Diabetes Treatment Might Prevent Dementia

New research published in the journal Diabetes Care indicates that diabetes patients who are being treated are less likely to develop dementia, including Alzheimer’s disease, than those who are not being treated. According to study co-author Daniel A. Nation, PhD, of the University of Southern California, “Among people with diabetes, the difference in their rate of developing the signs of dementia and Alzheimer’s is clearly tied somehow to whether or not they are on medication for it.”

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The researchers collected data from 1,289 people aged 55 and older, none of whom had signs of dementia. Nine hundred of the participants obtained a lumbar puncture to find evidence of amyloid plaques and what are known as “brain tangles,” both of which are indications of Alzheimer’s. Of the 900 subjects, 121 had Type 2 diabetes. Of these, 67 were being treated and 54 were not. Prediabetes was diagnosed in 250 of the participants in the study.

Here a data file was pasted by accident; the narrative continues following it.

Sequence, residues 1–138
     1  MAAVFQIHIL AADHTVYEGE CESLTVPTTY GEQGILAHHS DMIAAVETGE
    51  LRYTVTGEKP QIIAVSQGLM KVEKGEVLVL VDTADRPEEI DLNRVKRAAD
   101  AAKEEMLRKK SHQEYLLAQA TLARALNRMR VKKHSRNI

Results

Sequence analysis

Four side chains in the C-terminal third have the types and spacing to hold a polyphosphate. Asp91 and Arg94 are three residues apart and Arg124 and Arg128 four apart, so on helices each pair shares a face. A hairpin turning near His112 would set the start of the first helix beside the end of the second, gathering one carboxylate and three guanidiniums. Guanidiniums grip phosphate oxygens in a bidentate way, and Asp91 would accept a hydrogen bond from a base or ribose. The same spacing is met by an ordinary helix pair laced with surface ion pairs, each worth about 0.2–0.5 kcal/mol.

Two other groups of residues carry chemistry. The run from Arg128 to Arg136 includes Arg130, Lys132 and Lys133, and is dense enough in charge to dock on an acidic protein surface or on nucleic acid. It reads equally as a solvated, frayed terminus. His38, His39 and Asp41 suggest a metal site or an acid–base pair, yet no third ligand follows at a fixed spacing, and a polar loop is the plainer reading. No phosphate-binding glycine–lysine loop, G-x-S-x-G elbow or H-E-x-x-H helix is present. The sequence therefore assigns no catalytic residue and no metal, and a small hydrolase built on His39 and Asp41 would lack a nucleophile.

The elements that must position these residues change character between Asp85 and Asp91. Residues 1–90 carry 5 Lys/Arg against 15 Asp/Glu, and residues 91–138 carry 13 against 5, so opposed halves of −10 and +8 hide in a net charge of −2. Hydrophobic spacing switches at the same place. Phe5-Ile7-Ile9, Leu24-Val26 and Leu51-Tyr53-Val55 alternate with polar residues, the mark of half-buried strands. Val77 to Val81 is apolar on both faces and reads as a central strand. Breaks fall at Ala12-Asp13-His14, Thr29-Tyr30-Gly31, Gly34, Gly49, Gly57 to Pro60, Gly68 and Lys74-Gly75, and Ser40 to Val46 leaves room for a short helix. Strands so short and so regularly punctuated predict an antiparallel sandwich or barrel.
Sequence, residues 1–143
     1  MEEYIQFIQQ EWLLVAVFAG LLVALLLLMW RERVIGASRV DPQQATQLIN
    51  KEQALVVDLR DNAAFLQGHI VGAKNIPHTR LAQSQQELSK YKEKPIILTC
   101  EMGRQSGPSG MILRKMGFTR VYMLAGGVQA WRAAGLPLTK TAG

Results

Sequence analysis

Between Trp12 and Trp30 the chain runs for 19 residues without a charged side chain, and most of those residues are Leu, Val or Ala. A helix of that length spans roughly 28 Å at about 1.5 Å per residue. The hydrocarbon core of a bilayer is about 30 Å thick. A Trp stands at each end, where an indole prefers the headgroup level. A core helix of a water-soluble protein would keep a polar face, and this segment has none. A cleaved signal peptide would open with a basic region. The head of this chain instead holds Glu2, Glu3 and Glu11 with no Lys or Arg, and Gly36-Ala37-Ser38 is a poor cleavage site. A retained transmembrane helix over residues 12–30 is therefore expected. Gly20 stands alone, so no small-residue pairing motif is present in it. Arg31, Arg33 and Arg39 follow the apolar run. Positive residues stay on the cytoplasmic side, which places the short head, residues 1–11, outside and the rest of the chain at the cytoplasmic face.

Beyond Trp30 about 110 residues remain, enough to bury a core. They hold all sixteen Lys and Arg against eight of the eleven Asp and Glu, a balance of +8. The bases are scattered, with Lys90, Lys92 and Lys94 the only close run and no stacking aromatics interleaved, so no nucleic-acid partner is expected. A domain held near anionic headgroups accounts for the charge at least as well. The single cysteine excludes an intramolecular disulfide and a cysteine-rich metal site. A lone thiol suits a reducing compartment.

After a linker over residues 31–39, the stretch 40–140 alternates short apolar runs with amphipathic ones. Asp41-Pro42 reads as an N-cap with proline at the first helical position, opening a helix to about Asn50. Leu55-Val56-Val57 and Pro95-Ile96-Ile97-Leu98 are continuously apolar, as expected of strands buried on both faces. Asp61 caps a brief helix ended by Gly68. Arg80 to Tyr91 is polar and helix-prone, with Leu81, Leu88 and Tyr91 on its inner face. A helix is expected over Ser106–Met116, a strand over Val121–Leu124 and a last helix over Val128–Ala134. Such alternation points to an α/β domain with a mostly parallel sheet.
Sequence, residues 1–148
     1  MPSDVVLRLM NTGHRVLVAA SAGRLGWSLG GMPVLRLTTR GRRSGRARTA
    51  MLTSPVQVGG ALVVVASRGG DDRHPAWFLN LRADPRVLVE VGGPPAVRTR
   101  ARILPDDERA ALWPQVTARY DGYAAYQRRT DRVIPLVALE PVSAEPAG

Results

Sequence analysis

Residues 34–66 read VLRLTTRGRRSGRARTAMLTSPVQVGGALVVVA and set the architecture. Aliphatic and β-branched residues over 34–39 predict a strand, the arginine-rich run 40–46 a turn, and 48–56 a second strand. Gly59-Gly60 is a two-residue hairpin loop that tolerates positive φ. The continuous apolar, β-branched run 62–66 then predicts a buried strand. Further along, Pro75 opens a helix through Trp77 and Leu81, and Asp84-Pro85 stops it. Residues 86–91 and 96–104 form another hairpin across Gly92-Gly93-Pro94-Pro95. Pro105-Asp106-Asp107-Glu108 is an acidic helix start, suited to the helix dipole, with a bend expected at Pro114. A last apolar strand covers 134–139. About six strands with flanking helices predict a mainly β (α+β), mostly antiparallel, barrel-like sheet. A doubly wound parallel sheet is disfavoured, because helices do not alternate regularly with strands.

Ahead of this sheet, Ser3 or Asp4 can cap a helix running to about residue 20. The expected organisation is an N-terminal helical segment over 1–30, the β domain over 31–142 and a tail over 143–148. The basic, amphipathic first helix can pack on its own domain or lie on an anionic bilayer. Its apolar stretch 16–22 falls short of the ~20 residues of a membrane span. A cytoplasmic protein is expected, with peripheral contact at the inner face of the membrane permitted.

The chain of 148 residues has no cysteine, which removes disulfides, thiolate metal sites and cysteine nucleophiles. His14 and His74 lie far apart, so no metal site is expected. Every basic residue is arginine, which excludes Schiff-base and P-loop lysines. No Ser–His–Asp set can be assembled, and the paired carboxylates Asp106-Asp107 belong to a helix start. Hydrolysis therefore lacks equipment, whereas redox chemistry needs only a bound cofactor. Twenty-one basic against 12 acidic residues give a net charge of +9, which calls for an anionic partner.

The researchers found that the subjects with diabetes who were untreated exhibited a greater progression of brain tangles than those who were treated. In fact, the patients with untreated diabetes developed signs of Alzheimer’s 1.6 times faster.

Why was this the case? According to Dr. Nation, “Several diabetes drugs have been linked to protective effects on neurons…. It is possible that the medicines for treating diabetes might make a difference in the progression of brain degeneration. But it’s unclear exactly how those medications might slow or prevent the onset of Alzheimer’s disease, so that is something we need to investigate.”

The study raises the tantalizing possibility that diabetes medications might even help people who don’t have diabetes ward off dementia and Alzheimer’s. Dr. Nation, however, doubts that’s probable. He thinks it’s more likely that the drugs prevent only “diabetes-related brain injury.”

Want to learn more about keeping your mind sharp? Read “Memory Fitness: How to Get It, How to Keep It” “Nine Tips to Keep Your Memory With Diabetes” and “Keeping Alzheimer’s Disease at Bay.”

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